“Don’t worry bout if my butt fake,” was already a line on her song “Only,” but Nicki Minaj is saying it again to Bossip, that creepy site that popularized a string of tweets alleging that Nicki Minaj is famous because she paid someone to inject her tush with more tush.
She may never actually settle the score for women who are clearly successful regardless of where cushion is deposited on their bodies, but thank goodness she addressed this latest nonsense. It went down like this:
Bossip retweeted this, “yep men are visual creatures they don’t care if you can sing…that’s why nicki had to buy an a** to blow up!” And Nicki came back with much common sense, including this: “To imply someone’s a** is the reason they get on tracks and hold their own with every great MC who is still alive black ppl, do better lol.”
Pretending an unstoppable force of a fire-spitter is getting her life because she paid for all that booty speaks volumes about the fear associated with a woman who takes up space. (It’s important that she’s here, for more on this, see our interview with Lizzo.) The sneaking suspicion that she could only propel that success forward with a butt that men like is not insignificant.
We know. Haters are crazy, and they could tell you which celebrities bought their boobs and bums all day. It’s just an unfortunate event famous women deal with all the time, like having to avoid showing you how they really feel about boob tape on the red carpet. But to suggest her body is so outlandish that it has to be cartoonish plastic surgery is reason enough for Nicki Minaj to snap back at the people spewing this wacko routine.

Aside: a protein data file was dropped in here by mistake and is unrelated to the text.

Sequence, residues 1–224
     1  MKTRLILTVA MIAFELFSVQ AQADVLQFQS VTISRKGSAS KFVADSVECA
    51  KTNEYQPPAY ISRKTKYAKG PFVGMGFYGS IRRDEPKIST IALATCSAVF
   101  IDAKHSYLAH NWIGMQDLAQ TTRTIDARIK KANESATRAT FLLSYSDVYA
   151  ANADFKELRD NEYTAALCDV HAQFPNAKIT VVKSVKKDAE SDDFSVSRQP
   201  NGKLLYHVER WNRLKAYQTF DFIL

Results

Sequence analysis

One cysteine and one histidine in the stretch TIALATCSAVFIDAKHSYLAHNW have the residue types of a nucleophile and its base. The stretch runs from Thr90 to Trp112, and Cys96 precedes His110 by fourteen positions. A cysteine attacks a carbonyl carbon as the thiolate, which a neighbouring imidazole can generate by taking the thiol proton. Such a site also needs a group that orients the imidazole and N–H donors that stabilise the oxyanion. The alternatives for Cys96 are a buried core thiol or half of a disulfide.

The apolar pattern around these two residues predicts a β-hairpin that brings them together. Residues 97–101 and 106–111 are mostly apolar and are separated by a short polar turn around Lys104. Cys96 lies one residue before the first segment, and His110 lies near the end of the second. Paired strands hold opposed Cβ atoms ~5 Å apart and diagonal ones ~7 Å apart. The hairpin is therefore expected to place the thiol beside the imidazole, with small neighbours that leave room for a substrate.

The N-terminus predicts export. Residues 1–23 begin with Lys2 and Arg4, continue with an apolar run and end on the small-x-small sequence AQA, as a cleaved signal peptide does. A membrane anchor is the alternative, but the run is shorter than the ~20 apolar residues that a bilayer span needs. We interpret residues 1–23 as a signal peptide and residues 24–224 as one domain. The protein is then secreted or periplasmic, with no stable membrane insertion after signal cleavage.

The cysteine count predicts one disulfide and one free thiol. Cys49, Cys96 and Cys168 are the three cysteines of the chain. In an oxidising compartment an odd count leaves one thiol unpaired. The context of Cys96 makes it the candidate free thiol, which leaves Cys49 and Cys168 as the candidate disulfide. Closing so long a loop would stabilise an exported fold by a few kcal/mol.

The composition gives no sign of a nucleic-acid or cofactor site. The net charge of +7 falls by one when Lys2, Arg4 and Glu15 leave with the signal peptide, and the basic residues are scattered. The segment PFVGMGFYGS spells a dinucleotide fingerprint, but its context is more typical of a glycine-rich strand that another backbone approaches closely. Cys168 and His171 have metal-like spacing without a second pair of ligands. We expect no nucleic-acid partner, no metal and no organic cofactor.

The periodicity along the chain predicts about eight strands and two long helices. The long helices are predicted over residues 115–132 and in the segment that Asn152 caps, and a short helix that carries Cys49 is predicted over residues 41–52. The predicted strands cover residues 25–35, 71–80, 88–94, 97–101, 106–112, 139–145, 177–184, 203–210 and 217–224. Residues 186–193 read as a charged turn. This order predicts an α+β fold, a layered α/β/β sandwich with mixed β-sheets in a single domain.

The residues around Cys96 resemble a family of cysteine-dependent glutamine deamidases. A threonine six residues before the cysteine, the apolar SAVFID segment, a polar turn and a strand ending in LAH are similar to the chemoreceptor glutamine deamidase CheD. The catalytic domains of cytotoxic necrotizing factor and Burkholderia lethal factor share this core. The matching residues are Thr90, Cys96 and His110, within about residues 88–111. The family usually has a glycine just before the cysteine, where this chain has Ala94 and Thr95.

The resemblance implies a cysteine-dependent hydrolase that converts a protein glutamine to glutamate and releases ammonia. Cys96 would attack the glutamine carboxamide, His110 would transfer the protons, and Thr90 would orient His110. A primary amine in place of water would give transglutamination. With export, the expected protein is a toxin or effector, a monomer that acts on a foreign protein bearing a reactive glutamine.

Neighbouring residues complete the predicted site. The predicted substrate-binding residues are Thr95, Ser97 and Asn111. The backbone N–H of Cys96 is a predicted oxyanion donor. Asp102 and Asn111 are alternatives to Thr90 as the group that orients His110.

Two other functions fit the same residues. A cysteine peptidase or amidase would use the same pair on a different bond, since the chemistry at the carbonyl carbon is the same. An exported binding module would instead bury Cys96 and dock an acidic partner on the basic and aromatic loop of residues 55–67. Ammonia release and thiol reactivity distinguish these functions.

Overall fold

Publicly making it very clear that this is outrageous to the point of comedy is a task that is undoubtedly difficult to pull off when the media still calls a Nicki Minaj inconvenience a “feud.” It’s not. Nicki Minaj had to say something about it when a news(ish) site thinks some rando saying she made it because men are into her butt is hilarious. She needed to speak up because it’s the only way to ensure the littles on the internet realize she earned her position.
However nasty and unfounded these juvenile accusations may be, there are deep pockets of sustained prejudice against women who have fuller figures happening here, as well as a fear of women of any size. Obviously the internet is a sewer of toxicity against anyone with a shred of an achievement, but these symptoms crop up when a woman of size does anything, and Bossip is forwarding this thinking? No one in the “media” should be targeting a woman who still has to defend her body. Silly people, still thinking they can bring down a world-runner who laughs at her own cookie metaphors in Paris with Beyonce by deploying some good old body shame.
Let’s retire this narrative of butt-secured fame, shall we?